The True Lies of Hassen Ferhani
The festival Visions du Réel, which took place in April in Nyon, Switzerland, included a retrospective of Algerian director Hassen Ferhani. The filmmaker also taught a masterclass at the festival in which he proclaimed: “I don’t lie, but I don’t fall into truth.” What does this say about his films?
Documentaries have played with truth since their very beginnings, and it’s no different in Algerian cinematography. Hassen Ferhani is one of the most prominent figures in a group of Algerian filmmakers who at the turn of the millennium grew interested in film as a suitable and powerful medium for sharing their views on local politics, society, and the representation of truth. They founded the first film club in Algiers, which was the only film school they had and which immediately sparked their desire to make their own films. Ferhani already had experience with photography, and he made his debut as a filmmaker in 2006 with Les Baies d’Alger, a short film composed of shots of the city skyline and fictional dialogues between non-professional actors, with allusions to unemployment, social differences, and relationships. With this very first film, Ferhani outlined his specific approach to depicting reality, in which the distinction between fiction and documentary is blurred. But is it possible to capture authentic truth through “staged reality”?
In his films, Ferhani documents life and its regularities in his homeland. He creates critical depictions of a state that neglects its populace, which is forced to live on its own in a hostile environment. His film Afric Hotel (2011) tells the story of three migrants passing through Algeria, who are left to the mercy of the of the local inhabitants’ ignorance. The film Roundabout in My Head (2015) portrays the environment inside a slaughterhouse, where the characters’ unattainable dreams meet with the cold-blooded slaughter of cows. The protagonists find solace in their faith, in their spiritual connection to their animal companions, or in the small things that remind them every day that they are lucky to be alive. These diverse films guide us through ramshackle cities, neglected public services, poverty, and the inherently turbulent Sahara, which is omnipresent in Algeria as a symbol of empty despair.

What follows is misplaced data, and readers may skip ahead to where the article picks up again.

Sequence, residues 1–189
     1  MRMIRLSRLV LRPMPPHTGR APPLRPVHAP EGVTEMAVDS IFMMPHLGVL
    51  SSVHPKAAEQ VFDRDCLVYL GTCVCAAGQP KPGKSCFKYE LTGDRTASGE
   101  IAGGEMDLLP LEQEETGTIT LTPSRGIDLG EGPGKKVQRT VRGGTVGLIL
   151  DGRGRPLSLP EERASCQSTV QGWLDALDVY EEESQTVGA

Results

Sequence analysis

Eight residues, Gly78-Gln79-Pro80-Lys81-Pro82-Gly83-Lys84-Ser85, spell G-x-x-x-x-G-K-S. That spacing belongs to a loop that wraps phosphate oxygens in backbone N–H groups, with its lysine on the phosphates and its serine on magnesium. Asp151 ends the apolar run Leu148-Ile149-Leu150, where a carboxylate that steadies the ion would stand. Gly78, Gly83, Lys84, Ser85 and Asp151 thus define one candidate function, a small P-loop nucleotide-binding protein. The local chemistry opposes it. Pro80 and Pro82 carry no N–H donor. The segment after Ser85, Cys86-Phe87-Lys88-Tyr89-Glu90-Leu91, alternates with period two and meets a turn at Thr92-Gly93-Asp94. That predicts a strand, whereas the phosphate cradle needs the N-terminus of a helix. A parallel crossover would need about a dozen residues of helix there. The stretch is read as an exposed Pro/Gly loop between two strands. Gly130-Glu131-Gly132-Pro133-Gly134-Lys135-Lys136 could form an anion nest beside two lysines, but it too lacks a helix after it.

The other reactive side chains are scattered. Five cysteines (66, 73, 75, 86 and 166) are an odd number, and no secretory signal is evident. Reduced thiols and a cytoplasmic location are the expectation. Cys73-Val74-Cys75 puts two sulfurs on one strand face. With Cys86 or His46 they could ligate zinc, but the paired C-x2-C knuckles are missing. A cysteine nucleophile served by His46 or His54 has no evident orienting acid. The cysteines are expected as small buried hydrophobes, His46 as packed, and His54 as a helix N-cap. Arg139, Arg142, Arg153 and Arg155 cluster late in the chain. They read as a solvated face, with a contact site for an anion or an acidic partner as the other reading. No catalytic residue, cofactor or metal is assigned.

Although the presented reality of life in Algeria is convincing, it cannot be forgotten that most of the scenes are artificially staged. Ferhani creates improbable events in front of the camera, which don’t shy away from fiction. He introduces his own characters, writes their dialogue, and oftentimes reworks the entire mise-en-scène. Furthermore, he often adheres to narrative techniques that don’t even attempt to be believable. His films are marketed as documentaries that tell a true account of Algerian life, yet the footage is pre-arranged or very haphazardly shot. Although Ferhani has no need to hide this reality, as a guest at Visions du Réel he defended himself by saying: “I don’t lie, but I don’t fall into truth.” So what truth does he actually present to the audience?
His films focus primarily on people – on the people who make up Algerian society but mainly on individuals. His protagonists are everything in the film. Each one has a place, each one is a character, each one matters. The truth he shows through them is not superficial and doesn’t merely make do with a critical glance. He films the truth of the person in front of the camera. Ferhani takes cinematic truth to a higher level by unnaturally staging reality in order to capture the natural behaviour of the people in front of the camera. For example, in his most recent film, 143 Sahara Street (2019), we meet random people who stop by for a tea at the protagonist Malika’s home. People who have no experience with filming are thrust into a staged environment in front of a camera and are supposed to behave naturally. However, we are not watching artificial characters but rather people who have been offered this opportunity. We observe how some of them attempt pretence while others do not, and we see how their reactions change with the awareness of whether or not they are in the frame. Ferhani then uses sensitive editing to present us with the real truth – the one that people create. As he said himself at this year’s Visions du Réel when commenting on his collaboration with his actors: “To be filmed and to be ready to give a piece of yourself is a brave act.”
Truth is a subject that is constantly analysed and questioned in documentaries. What actually is reality, and what is myth? How do these two worlds collide? Does actual truth even exist? Everyone has their own truth. For each person, it represents something different, something differently pure. Truth is facts, truth is honesty, truth is faith. Is the Lord who watches over us truth?
„People lie, but they don’t know how to lie.“
143 Sahara Street (2019)